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Lecture

[1] Feudalism, Manorialism & Economic Change.doc

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Department
History
Course
HIS109Y1
Professor
Kenneth Bartlett
Semester
Fall

Description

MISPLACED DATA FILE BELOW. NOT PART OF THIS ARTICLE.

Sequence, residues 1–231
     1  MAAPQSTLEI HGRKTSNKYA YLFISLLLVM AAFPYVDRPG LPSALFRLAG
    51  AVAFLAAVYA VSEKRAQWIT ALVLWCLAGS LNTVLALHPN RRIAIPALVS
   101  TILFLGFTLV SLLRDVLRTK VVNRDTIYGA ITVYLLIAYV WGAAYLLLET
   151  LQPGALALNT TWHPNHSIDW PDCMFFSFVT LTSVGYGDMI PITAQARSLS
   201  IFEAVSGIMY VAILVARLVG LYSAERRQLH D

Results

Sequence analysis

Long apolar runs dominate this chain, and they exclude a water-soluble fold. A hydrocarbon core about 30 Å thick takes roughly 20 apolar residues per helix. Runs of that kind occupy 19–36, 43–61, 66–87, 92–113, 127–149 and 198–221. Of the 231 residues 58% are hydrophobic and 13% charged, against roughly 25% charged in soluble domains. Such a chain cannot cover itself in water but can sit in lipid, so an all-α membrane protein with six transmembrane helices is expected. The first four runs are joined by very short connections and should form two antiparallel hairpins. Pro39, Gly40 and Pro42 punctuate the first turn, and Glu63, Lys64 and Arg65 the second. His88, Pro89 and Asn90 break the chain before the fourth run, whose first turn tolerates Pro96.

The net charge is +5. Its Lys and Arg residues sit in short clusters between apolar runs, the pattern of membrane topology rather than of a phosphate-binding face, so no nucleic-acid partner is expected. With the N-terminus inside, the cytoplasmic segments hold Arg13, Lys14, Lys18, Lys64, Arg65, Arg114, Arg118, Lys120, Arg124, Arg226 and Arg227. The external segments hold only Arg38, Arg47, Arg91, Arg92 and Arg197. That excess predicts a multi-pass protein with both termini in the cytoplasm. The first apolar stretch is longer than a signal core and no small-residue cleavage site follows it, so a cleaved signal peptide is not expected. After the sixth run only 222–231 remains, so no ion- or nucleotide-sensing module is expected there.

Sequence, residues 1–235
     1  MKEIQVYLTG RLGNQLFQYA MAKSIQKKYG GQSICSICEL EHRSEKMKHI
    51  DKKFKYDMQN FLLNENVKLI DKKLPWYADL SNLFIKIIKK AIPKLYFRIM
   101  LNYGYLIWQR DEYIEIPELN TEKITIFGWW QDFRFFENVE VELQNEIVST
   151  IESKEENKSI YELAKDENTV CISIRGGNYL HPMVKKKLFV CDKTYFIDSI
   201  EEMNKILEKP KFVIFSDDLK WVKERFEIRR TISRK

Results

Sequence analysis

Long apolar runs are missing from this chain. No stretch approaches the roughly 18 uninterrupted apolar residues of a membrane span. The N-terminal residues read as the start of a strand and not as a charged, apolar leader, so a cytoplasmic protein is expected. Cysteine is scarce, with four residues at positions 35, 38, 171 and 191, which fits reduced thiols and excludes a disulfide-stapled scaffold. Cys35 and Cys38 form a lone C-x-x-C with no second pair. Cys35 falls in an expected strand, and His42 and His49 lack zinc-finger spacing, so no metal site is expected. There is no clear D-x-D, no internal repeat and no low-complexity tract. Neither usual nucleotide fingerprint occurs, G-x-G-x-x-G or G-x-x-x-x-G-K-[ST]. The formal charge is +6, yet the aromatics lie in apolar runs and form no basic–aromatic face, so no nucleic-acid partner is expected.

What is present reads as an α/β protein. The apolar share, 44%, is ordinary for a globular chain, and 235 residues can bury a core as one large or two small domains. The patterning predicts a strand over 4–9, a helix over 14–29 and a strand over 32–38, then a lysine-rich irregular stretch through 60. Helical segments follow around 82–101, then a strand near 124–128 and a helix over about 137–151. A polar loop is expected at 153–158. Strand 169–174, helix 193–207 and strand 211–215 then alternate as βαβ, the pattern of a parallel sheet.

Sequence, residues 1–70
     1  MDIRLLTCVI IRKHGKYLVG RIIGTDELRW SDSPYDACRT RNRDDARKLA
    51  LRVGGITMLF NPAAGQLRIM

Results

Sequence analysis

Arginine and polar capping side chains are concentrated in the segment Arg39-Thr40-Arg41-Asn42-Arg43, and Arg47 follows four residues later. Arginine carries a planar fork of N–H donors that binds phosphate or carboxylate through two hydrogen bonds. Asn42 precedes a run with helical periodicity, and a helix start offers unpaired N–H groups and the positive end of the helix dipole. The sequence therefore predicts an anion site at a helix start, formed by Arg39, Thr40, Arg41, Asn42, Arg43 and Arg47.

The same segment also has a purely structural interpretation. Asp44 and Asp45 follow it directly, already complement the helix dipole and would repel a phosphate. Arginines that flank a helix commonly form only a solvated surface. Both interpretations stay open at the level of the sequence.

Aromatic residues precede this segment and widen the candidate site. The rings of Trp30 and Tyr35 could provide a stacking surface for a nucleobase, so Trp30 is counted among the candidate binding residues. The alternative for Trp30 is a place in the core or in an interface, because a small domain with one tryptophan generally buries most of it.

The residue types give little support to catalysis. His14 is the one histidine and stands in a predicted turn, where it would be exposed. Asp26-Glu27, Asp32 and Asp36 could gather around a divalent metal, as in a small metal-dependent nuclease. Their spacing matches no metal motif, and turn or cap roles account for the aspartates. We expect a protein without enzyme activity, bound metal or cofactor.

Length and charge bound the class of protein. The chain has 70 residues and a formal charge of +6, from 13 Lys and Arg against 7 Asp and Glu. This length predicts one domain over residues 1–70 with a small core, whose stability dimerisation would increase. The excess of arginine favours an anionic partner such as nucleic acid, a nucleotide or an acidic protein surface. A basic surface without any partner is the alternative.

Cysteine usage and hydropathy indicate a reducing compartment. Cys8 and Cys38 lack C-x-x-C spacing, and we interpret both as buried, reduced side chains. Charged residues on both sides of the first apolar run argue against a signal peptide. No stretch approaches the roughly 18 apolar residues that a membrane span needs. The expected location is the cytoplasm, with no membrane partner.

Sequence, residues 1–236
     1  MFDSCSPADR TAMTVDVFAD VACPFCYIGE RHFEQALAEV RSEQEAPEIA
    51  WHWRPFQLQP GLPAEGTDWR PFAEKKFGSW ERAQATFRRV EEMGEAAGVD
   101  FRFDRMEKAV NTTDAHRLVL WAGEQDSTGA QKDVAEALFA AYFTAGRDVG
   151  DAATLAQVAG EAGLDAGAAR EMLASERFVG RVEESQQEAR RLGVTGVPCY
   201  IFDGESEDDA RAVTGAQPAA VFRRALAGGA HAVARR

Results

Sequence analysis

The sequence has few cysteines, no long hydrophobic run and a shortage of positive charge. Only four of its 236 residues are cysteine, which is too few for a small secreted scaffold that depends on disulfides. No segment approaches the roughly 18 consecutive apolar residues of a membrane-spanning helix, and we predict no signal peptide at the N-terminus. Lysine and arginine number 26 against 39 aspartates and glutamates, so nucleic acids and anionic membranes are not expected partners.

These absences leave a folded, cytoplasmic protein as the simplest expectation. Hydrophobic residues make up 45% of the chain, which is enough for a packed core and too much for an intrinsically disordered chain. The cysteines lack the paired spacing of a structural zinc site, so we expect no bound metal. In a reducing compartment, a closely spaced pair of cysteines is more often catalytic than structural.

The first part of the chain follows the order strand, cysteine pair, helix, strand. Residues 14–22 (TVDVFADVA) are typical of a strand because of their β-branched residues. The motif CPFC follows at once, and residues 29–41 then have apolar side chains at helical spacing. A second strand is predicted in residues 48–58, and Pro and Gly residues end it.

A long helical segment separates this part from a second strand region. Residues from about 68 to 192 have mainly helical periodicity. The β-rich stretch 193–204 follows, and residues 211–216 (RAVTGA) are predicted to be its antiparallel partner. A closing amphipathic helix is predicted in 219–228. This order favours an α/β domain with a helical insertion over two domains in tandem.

September 20, 2010 Feudalism: fragmentation of political power - Necessary to ensure authority/govt after breakdown of Roman Empire - Landowners provide materials to ppl who live on the land - Prestige + power: monopolized by small group who were able to rule - Land = power - Power = not power, rather control of land - Whoever owned land = they judged people who lived on that land, had right to seize control land, right to claim military assistance (they could send serfs out to fight in war) - Emperor in Rome may have in theory exercised some control over tracts of land - Important: where you lived, who ruled the land you lived in - Power becomes personal possession, rather than abstract responsibility - How could someone who owns a piece of land have the right to rule people who lived in that land, just because he owns the property? - Public power in private hands = essence of feudal society - Someone had to protect/govern the people with the collapse of Roman Empire so bar- barians wouldnt pillage th - 8 century: invention of stirrups: maintain balance and protection on horse (enables fighting on horseback) = military advantage - Training on horseback + stirrups etc. = provide protection to other people ---> had wealth (owned land), provided protection and govt - Above developed into nobility -- knights (were trained from childhood to provide securi- ty): class of professional warriors - Large areas became fragmented b/c they needed security, some form of government - Landowners had to provide justice, upkeep/services (fixing roads, castles) - Public order --> becomes private responsibility (landowners) - If you have power, wealth --> you use it to suit your needs --> redefine problem of social fragmentation --> turns it into a solution (take nega- tive and turn it into positive) - Model of society: everyones roles have to be defined: do they have power? Do they have rights? - 3 orders/social groups (estates) of society in Middle Ages - Estates = states of being - Functionally defined (by occupation/birth) - Rationalized by religious people: your class is divinely ordained to achieve a purpose --> Gods plan is here; we have to work it out - Premodern Europe: religious, social, economic = all together (cant separate) 3 ESTATES 1. Clergy - paved mans way to heaven 2. Nobility - protection 3. Regular people that enabled clergy + nobility to live in leisure by living in toil --> pro- duced surplus produce to satisfy clergy + nobility - Growth of towns --> bourgeois emerged - Nobility: emerged to provide protection and govt in absence of Roman Empire - Created culture that endured Medieval Nobility: professional warrior ---> identified by how they fought: on horseback - Foot-soldier could not stand up against knights - Knight: responsible for every aspect of secular life - Basis of power (ownership of land) = hereditary (as well as power and prestige) - Rank, political power, dominance = became hereditary - Write rules so that people who arent part of elite can feel they want to be part of it, and if they cant they can at least act like it (social mobility) - Set of rules + behavior based on chivalry = very popular - Chivalry + code of action, follow set of rule: implies peace because violence and inse- curity is gone (people will follow rules) - To begin to access caste marks (where you fit in society - status): the way you be- have, the way you dress, the objects you own - (above) visible signs of your success- More sophisticated knights needs were, they travelled to Jerusalem, Constantinople to see things they couldnt get at home (Scotland) --> acquire new stuff to heighten status and power - Stuff came together to create noble class (you have a lot of stuff => youre noble) - Nobility: social, economic etc. elite Clergy: - Defined by function, manner of life, privileges - Subject to own legal system -- Pope, not subject to lord of land - Had different set of rules - Rank was not determined by birth - Poor could rise, most talented could rise to highest ranks - Church possessed land - Majority of upper clergy (possessed lots of land) tended to come to nobility - Not homogenous group - Real power: bishops + archbishops - Great local po
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